An Unseen Hand Warns Myanmar's Junta
An unseen Hand must have given a warning to the military junta in Myanmar to soften its hardline stance on those who rise up against its undemocratic policies. This, after a strong cyclone lashed and killed at least 4,000 people and injured thousands more in what appeared to be the worst that hit the landlocked Southeast Asian country.
What happened there was an eye-opener for the present government to at least re-think of what is good for the people. Already saddled in a lot of economic and political problems, the recent calamity had all the more worsen the sufferings of the poor people in Myanmar, most of them are desperately crying for freedom.
The situation was even made worse by the military junta's refusal to allow international relief agencies to come in and distribute relief goods to thousands of disaster victims. Most of those affected by the fierce storm called Nargis were residents of the low-lying areas of the country.
An Associated Press report said the storm packed a strong wind of up to 120 mph that resulted in the knocking down of electricity and destroying a large number of many rural houses made of light materials. Consequently, tens of thousands of people were rendered homeless by the cyclone.
The Myanmar's Foreign Ministry Department estimated that the death toll could reach to as much as 10,000 victims. Wire reports counted the current death toll at more than 4,000 fatalities. While the homeless people were evacuated and now taking shelter at Buddhist monasteries.
Like in any other Asian countries, when a strong natural calamity strikes, prices of commodities, including candles, would go up so fast. Such dilemma is now being experienced by many of the victims, knowing that commodity goods are already scarce in Myanmar.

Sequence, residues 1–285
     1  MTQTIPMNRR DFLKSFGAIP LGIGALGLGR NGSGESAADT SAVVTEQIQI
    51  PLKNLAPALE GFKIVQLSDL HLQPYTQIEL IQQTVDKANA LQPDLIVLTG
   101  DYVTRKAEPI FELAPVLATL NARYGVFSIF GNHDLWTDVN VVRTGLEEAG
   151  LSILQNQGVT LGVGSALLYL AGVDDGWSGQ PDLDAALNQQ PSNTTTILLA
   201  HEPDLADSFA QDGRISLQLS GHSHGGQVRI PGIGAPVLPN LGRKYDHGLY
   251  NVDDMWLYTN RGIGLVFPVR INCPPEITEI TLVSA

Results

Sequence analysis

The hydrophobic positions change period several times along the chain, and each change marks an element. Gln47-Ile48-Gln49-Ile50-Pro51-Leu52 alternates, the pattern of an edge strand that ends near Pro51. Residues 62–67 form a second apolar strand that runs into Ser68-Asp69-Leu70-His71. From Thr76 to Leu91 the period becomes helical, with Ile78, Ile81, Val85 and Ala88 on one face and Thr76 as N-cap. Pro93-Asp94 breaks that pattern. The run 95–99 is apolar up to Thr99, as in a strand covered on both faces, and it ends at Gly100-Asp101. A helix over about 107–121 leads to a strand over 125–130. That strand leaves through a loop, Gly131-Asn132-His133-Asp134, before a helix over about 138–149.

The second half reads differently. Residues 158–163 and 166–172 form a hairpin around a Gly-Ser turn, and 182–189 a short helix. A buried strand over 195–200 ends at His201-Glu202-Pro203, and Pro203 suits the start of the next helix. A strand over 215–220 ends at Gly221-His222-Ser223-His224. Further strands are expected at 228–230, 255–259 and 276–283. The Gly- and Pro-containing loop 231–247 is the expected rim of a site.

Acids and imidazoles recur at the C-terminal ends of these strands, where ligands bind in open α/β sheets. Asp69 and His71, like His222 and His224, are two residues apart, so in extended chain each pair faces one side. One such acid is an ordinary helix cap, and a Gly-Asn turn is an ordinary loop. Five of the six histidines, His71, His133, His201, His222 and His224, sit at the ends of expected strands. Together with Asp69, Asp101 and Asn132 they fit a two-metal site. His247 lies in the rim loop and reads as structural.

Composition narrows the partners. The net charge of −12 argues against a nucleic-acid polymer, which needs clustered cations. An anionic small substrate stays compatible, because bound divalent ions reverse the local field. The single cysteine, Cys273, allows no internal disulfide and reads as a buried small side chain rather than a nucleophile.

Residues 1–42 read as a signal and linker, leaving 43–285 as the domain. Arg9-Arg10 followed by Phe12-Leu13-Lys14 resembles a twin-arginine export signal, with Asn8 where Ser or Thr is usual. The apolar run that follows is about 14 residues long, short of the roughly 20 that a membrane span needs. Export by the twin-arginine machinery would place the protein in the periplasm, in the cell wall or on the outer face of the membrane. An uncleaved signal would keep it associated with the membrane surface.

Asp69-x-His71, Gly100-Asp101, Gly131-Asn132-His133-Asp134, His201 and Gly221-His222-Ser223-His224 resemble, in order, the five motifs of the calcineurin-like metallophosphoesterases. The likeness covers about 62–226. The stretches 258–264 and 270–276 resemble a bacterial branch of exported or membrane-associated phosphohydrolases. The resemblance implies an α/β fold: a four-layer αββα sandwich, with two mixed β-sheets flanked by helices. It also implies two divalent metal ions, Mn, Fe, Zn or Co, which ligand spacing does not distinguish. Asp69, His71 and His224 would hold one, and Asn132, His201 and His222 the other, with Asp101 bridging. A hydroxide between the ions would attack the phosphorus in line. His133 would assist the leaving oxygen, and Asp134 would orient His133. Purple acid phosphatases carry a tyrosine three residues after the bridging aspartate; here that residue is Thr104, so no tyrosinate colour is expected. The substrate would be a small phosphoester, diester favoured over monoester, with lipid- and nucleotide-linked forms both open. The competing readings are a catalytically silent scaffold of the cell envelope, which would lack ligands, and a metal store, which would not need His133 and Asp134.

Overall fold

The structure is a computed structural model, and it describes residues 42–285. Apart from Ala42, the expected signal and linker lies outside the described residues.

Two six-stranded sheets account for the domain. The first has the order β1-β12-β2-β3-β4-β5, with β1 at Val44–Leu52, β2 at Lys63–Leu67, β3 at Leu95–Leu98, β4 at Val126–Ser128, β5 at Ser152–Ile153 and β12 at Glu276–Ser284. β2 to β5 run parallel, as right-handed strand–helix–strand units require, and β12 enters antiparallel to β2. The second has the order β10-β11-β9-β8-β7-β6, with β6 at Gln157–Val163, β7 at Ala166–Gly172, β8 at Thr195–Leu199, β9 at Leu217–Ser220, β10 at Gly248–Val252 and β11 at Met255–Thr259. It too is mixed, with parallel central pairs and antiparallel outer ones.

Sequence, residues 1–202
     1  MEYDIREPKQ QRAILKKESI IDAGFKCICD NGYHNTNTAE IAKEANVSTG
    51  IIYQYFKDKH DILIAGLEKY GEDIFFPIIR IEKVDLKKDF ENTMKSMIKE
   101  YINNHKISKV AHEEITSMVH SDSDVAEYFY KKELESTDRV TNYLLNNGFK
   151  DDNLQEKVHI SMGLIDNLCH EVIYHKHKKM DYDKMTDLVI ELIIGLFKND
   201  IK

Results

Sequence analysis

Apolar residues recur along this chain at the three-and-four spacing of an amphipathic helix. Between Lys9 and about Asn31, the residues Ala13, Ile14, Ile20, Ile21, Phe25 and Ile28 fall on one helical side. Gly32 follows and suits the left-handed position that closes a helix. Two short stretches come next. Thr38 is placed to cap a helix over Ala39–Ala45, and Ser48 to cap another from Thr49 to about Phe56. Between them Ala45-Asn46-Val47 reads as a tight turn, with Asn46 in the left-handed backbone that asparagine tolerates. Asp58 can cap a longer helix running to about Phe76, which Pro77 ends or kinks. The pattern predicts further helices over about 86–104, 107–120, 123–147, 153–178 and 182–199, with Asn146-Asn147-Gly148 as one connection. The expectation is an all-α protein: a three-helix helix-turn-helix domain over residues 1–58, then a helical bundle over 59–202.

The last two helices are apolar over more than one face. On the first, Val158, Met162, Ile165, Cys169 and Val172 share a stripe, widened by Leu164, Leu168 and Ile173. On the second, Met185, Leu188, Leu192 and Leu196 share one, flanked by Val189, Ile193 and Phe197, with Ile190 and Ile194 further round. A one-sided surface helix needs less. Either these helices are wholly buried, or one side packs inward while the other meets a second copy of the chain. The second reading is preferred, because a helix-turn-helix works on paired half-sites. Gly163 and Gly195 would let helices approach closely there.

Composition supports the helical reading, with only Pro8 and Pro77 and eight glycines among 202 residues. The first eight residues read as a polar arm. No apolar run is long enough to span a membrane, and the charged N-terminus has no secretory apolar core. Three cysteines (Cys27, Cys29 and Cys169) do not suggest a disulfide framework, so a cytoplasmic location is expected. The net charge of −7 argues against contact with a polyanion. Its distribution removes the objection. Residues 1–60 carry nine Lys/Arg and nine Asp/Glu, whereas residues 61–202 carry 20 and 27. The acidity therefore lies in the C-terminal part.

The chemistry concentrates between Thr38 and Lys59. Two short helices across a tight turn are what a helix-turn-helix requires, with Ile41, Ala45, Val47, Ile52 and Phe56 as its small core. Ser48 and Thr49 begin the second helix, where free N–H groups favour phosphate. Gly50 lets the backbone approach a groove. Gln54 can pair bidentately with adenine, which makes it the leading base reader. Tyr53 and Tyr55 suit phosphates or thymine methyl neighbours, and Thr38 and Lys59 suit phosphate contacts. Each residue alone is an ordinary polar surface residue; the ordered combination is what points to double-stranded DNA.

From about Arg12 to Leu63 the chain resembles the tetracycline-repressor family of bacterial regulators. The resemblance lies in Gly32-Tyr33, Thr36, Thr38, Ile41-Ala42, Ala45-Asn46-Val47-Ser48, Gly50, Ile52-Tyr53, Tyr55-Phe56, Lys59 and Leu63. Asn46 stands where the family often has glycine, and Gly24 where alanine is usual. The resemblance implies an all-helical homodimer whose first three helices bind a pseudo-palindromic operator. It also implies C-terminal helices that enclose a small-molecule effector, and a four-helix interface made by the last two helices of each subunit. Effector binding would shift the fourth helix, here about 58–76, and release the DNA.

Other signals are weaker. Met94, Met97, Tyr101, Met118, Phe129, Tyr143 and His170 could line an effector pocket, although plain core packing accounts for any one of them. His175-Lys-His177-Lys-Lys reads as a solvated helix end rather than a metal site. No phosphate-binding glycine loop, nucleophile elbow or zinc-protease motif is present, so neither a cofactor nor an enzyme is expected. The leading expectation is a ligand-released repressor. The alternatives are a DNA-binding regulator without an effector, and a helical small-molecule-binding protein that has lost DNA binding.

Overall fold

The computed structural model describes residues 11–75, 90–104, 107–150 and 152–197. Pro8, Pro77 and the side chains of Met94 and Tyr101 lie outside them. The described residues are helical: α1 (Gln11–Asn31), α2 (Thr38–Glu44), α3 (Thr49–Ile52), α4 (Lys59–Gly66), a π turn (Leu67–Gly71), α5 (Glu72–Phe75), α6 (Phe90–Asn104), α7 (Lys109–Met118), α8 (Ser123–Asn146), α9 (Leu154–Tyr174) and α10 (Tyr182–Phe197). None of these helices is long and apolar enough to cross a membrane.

Disaster warning system is not adequate in Myanmar. This was the reason why the government failed to warn the people that a super cyclone is coming for them to prepare.
Wire reports cited a US State Department source that Myanmar has not granted a Disaster Assistance Response Team to help the cyclone victims. But the World Vision has already sent its team to assess the situation in the hardest hit areas of the country.
A World Vision official commented that the recent cyclone that hit Myanmar was the second biggest calamity that hit South East Asia, after a tsunami killed more than 200,000 people in Indonesia and other Indian Ocean nations in 2004.
Distribution of relief goods to the disaster victims was even made more difficult due to poor communications and impassable roads leading to the hardest hit areas of the country, relief officials said.
However, foreign ministry officials Monday agreed to the idea of welcoming international humanitarian assistance into the country. At present, the disaster victims need roofing materials, tents, medicines, water purifhying tablets, blankets, mosquito nets, food and clothings.
Reports said that Yangon, a city with an estimated 6.5 million population, was not spared by the cyclone. In the meantime, thousands of workers have to stay home to attend to the needs of their families, rather than go to work. Without an income for so many days would all the more make it doubly difficult for the people to survive in a poor country like Myanmar.
Tags: Typhoon , Junta , Myanmar
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